'Bomb cyclone' forces world's largest passenger jet to land at small New York airport
By Ryan Gaydos
A Singapore Airlines Airbus A380, the world's largest passenger plane, was forced to land at a small New York airport Thursday after the "bomb cyclone" storm system forced the closure of runways at John F. Kennedy International.
Singapore Airlines Flight 26, flying from Frankfurt, Germany to New York City, landed at Stewart International Airport in New Windsor - 80 miles north of its intended destination, according to CNBC.
Manoel Gerlach, one of the 325 passengers on the flight, told CNBC that passengers were able to depart the plane at 5 p.m. using the outdoor stairs. He said he was traveling with his wife and toddler son.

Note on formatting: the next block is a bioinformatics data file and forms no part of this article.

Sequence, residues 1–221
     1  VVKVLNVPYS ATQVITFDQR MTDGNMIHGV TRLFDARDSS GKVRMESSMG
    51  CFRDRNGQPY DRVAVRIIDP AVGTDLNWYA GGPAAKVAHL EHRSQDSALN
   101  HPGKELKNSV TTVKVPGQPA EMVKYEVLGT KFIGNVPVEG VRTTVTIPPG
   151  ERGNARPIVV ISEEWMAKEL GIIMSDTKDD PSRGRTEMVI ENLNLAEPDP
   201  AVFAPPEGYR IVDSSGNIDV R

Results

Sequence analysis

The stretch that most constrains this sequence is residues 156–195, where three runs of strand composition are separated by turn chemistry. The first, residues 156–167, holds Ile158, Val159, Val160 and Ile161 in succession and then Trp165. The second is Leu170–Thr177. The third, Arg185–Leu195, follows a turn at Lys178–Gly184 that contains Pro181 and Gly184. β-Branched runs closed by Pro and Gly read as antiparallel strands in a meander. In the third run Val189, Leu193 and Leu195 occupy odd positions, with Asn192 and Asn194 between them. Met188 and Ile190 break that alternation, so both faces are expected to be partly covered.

Stewart International Airport bills itself as an "efficient diversion airport," according to CNBC. The jumbo jet - and its 262-foot wingspan - is too big for the airport's gates so passengers were forced to walk in the frigid temperatures to reach the terminal.
A Singapore Airlines spokesman said told CNBC they were planning on providing ground transportation for its passengers. The spokesman said the plane will eventually fly to JFK and then back to Germany.
The "bomb cyclone" storm system that trampled the Northeast forced the cancelation of more than 5,000 flights on Thursday and the cancelation of more than 1,000 flights on Friday, according to FlightAware.com.
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